Recently, the topic of blogger transparency has become more of an issue as the fashion blogging community continues to grow.
But maybe instead of finger-pointing at bloggers who maybe-probably-could-be not disclosing sponsors or gifts, we here at IFB tried to tackle the issue with a different approach — by highlighting bloggers and campaigns that did it right, and showing exemplary practices that you can use as an outline for your own disclaimers.
First, what exactly is a disclosure?
A disclosure is the act of making something obvious. In other words, you are divulging the purpose and interests within a published post, whether it be written or otherwise.
By actively using disclosures, you maintain your freedom to write original content, but also maintain an ethical reputation with your readers by revealing whenever something is gifted, paid for, or sponsored. In the United States, there are currently FTC guidelines that state bloggers must disclose the following:
- When you receive a free product and review it
- When you link to the product’s website and receive a commission (called an affiliate program)
- When you receive money, product or services for posting about a product
- When you review a product or service that comes from an advertiser on your site
How does disclosure work? Well, for example, take a look at the Valentino all-red Rockstud shoes case study:
Recently, Valentino reached out to bloggers to show off his limited-edition (only 100 were made) all-red Rockstud kitten heels — as you can see below, here is how a handful of bloggers showed off their gift:
Grit & Glamour wrote: “The elegant house of Valentino gifted me with this extraordinary pair to celebrate the launch of the Valentino Shoe Room (aka your online Rockstud shopping Mecca). The site launches September 24, 2012—get clicking fast, and you could just snag a pair of these limited-edition, red-on-red Rockstud heels.”
Style Scrapbook wrote: “I came back home from London to find this incredible surprise waiting for me … HUGE THANKS to Valentino for my very own first Valentino shoes and to make it even more special, these are the red on red rockstud limited edition pieces, just in time for Paris Fashion Week. THANK YOU VALENTINO!”
Sandra’s Closet wrote: “When I arrived at my house, a very special gift from Valentino waited for me that left me speechless: RED ON RED ROCKSTUD kitten heels designed by the house’s Creative Directors, Maria Grazia Chiuri and Pierpaolo Piccioli for the upcoming launch of the ultimate on-line shoe shopping experience, SHOE ROOM.”
Liberty London Girl wrote: “And these arrived this morning: maybe the best gift EVER. A pair of a limited edition of 100 Valentino red Rockstud heels to wear at Fashion Week.”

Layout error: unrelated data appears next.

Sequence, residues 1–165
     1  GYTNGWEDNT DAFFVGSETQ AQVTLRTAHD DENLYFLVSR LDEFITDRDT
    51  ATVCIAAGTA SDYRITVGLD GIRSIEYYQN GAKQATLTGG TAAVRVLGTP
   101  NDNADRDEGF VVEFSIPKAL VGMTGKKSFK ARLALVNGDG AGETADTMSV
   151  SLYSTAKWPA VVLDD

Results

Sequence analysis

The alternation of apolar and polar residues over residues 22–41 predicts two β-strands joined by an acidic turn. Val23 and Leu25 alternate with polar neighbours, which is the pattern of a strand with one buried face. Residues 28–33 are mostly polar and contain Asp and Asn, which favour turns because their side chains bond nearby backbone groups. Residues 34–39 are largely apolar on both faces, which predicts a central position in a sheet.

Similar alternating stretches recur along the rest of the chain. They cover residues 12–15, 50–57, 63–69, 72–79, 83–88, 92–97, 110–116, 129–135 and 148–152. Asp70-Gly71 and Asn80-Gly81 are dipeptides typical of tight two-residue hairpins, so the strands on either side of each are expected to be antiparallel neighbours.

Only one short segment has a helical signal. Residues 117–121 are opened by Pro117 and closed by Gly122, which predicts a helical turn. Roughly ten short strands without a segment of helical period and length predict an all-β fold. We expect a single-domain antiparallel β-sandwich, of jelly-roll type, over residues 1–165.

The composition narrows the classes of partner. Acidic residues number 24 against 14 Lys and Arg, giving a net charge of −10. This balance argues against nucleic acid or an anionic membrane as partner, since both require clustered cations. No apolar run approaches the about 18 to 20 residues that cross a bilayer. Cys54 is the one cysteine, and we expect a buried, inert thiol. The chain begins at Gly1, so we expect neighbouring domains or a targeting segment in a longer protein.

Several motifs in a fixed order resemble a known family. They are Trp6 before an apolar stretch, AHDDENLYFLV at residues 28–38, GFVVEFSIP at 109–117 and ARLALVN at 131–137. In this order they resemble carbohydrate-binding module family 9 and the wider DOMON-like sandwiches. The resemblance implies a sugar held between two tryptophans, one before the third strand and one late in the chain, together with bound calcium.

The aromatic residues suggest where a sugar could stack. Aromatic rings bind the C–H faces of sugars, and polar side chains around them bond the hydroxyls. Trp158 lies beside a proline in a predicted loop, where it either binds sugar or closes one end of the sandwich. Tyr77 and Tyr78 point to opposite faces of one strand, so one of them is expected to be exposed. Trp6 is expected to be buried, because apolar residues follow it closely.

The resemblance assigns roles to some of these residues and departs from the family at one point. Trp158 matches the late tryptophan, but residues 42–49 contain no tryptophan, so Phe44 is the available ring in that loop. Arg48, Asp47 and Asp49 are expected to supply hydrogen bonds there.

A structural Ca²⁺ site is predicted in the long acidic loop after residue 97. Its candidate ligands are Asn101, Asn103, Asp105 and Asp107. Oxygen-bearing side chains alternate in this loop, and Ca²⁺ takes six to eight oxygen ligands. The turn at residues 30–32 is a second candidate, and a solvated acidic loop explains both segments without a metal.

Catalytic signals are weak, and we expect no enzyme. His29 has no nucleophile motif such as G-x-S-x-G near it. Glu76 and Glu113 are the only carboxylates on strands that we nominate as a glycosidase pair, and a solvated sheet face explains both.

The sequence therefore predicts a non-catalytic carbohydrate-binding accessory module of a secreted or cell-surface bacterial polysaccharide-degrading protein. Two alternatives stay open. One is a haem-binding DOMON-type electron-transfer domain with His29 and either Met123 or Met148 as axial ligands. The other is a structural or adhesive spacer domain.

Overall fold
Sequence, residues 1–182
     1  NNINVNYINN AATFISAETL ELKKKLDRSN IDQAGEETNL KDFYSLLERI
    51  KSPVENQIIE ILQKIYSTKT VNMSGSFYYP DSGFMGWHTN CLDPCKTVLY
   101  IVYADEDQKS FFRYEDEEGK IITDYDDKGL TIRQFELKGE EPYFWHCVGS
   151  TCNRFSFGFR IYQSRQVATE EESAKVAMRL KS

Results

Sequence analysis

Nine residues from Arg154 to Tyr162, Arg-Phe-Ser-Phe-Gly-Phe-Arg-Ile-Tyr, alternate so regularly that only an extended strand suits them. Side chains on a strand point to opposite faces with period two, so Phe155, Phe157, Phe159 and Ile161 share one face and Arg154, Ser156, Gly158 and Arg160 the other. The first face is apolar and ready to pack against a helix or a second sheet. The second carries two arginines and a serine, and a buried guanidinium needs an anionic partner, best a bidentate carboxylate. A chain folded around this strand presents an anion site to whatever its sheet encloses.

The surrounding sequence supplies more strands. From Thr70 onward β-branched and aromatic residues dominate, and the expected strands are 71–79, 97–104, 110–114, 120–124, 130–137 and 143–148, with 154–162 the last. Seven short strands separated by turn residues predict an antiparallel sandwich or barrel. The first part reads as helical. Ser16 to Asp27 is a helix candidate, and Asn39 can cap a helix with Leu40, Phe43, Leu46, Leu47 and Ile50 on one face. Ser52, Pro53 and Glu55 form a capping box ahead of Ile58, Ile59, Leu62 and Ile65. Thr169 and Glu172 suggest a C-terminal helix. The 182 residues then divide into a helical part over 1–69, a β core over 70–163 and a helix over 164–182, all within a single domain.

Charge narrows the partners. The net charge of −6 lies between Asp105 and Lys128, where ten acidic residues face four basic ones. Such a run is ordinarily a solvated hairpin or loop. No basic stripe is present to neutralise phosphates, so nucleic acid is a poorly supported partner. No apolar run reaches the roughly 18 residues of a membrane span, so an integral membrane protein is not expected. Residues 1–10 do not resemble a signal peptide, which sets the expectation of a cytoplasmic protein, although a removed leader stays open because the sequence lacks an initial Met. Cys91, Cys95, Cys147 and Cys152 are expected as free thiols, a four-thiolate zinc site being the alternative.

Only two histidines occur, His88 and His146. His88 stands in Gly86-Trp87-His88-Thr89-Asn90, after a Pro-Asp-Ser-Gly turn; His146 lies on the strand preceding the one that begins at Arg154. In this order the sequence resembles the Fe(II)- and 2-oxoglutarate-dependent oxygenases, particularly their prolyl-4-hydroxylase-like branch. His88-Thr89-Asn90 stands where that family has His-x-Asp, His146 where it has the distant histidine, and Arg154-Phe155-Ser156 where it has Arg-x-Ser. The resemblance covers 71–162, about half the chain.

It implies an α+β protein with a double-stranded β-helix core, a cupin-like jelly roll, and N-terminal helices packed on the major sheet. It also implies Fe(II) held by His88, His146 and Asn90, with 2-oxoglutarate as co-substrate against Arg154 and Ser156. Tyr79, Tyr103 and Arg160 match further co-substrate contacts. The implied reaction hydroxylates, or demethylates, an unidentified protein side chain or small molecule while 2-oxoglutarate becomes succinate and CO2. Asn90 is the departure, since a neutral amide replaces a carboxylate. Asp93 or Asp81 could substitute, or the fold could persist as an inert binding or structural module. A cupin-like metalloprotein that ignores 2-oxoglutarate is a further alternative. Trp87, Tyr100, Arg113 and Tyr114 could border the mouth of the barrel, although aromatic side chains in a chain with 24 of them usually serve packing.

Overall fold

Atlantic Pacific wrote: “Top: Equipment (also buy here). Skirt: Zara (old but similar here and here). Purse: Celine. Shoes: Limited Edition Rockstuds thanks to Valentino. Necklace: Saks 5th (old). Sunglasses: Dior. Jewelry: David Yurman, Sorrelli c/o, Hermes, Jcrew, Pomellato.”
Shoe Snob wrote: “Valentino has dropped a bomb, and in their case, that’s a good thing. A sultry, sizzling, tamale-hot good thing: limited-edition Rockstud slingbacks in fiery red! Only 100 pairs were produced, so a shoe hardly gets more special than this. I have the honor of already securing a pair, thanks to the generosity of Valentino, and they are now the single-most eye-catching pair of shoes I own, hands down!”
Another solid example is Glam Media’s compensation disclosures. Often times they specifically list the purpose of the post and if compensation was received.
For instance, Style Bomb, a relatively new blogger to the scene wrote a sponsored post for Old Navy through Glam Media:
Here’s another example — a sponsored post about Chevy Malibu through Glam Media from SheShe Blog:
Mashable also does a job well done when identifying sponsored material:
Notice the sponsorship is at the beginning of the post and is 100% transparent.
If you’re still having trouble on what to write for giveaways/sponsored posts/gifted items, here are a few other suggestions:
- Review/Giveaway with no payment: “Financial compensation was not received for this post. A sample product was gifted from _______. Opinions expressed here are my own.”
- Sponsored and/or Giveaway post with payment: “Compensation for this post was provided by _________. Opinions expressed here are my own.”
- If you want to write a full disclosure for your website, but are having trouble, DisclosurePolicy.org let’s you click the options that best suit you, and then basically writes the policy for you!
[Images credit to: Grit & Glamour, Yannis Vlamos/GoRunway.com]